I find it is hard to keep up with the business members...we have grown so much. The type of project I'm working on usually dictates where I go and who I use. I always enjoy going to Omega, House of props and RC vintage. I find the staff at these places very helpful and friendly. It is so important that I deal with people that don't add to the stress of the job. Of course there are many others that I have built a relationship with over the years and it's always nice to incorporate those people into my day.
6. What are the current contents of your car?
Usually, an empty coffee cup. A bottle of water. A Debbie’s book. I don’t eat out of my car. I always try to stop for lunch. It is a priority. In the trunk I carry an all weather jacket.
7. What advice do you have for those interested in the field of set decorating (including those new and already in the profession)?
Be flexible, professional and treat your crew with respect. Have fun and be sure to laugh. Remember it’s a job…do your best without letting it consume you.
8. Which three tools of your profession can you not be without?
A camera, a small notebook and a navigation system.
9. Biggest set decorating disaster?
I’ve been very lucky. I wouldn’t say I have had any real disasters…but I have had some unpleasant days. One of the worst days, (not the worst), was when the director didn’t want to confront an actor about the dressing he had requested and asked my crew to remove the dressing and asked me to go hide in his trailer when the actor showed up…He said I should “take a hit for the team.” I just left the set and before I could get back to base camp the dressing was back and the director was looking for me. Most of my worst days were on this particular film.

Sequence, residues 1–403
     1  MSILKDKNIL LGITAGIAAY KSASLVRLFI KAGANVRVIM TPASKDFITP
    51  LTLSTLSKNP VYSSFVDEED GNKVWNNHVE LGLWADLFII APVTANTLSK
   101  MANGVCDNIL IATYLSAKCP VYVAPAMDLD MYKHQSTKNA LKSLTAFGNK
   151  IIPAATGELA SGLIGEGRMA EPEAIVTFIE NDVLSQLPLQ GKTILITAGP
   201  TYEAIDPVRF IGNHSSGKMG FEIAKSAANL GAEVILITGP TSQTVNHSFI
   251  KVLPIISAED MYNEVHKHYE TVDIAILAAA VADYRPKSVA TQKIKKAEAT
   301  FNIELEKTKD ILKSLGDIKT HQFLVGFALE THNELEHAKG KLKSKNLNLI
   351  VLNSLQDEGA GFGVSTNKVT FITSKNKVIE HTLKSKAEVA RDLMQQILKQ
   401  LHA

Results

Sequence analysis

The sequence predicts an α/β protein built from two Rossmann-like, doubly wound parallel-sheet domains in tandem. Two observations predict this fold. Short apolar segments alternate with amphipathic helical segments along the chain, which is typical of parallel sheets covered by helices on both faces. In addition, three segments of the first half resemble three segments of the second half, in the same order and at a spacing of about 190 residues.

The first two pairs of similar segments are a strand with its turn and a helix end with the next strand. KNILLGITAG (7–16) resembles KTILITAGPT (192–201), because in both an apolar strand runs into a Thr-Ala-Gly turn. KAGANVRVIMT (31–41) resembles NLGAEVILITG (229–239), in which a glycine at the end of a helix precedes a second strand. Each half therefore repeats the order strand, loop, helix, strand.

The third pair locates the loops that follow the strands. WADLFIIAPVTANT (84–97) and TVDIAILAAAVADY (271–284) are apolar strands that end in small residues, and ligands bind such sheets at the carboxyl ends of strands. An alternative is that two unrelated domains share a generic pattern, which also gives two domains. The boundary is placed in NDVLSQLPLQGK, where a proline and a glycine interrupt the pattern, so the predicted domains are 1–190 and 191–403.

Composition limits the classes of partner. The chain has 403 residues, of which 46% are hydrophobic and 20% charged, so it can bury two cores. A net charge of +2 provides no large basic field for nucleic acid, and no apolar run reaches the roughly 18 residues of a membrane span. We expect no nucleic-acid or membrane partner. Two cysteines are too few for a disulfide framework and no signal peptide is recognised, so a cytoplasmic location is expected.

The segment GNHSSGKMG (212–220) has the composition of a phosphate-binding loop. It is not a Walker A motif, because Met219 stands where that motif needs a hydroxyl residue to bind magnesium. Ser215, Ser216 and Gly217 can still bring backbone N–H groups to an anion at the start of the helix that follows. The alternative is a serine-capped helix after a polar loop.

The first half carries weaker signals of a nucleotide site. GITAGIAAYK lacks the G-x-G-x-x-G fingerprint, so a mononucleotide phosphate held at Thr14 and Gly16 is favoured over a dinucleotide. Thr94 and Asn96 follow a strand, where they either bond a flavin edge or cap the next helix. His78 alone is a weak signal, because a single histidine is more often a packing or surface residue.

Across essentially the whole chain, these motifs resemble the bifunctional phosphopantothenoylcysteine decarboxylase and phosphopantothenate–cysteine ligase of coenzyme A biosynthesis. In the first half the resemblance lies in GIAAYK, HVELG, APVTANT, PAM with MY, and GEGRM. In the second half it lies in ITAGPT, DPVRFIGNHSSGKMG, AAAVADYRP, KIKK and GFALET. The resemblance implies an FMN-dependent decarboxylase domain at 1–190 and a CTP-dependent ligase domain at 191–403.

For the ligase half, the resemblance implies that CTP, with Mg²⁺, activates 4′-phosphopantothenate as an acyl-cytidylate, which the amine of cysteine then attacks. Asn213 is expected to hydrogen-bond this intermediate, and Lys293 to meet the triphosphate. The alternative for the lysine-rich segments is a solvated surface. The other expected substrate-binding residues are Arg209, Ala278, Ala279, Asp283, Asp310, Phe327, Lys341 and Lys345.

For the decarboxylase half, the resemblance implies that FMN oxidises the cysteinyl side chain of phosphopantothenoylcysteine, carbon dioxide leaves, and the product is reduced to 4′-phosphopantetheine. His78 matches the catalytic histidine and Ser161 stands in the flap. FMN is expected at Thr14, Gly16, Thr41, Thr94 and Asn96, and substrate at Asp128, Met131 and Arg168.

10. What advice would you give other members of the SDSA on how to get the most benefit from their membership?
I think it would depend on what they want and expect out of their membership. Over the years I have benefited most by getting to know other set decorators. Even though I’m not always involved I feel good about the contributions I have made in helping to spot light the profession. One of the most important aspects of the membership is the sense of community the SDSA has created.
11. If you were able to design a bedroom any way that you desired, what style or styles would you choose?
I’m on location right now at the Four Seasons…I want this bedroom! The bed and sheets are incredible. Sleep is the most important aspect of a bedroom. So whatever style the bedroom –it’s all about the bed.
Be Cool, Hollywood House, Set Decorator, Denise Pizzini, SDSA
The Italian Job, Italian Villa, Set Decorator, Denise Pizzini, SDSA
Be Cool, Pawn Shop, Set Decorator, Denise Pizzini, SDSA
Be Cool, Record Company, Set Decorator, Denise Pizzini, SDSA
The Italian Job, Traffic Control, Set Decorator, Denise Pizzini, SDSA
A Walk in the Clouds, Set Decorator, Denise Pizzini, SDSA
Thirteen Days, Set Decorator, Denise Pizzini, SDSA
Thirteen Days, Oval Office, Set Decorator, Denise Pizzini, SDSA
Set Decorator, Denise Pizzini, SDSA
Denise Pizzini, dressing the set!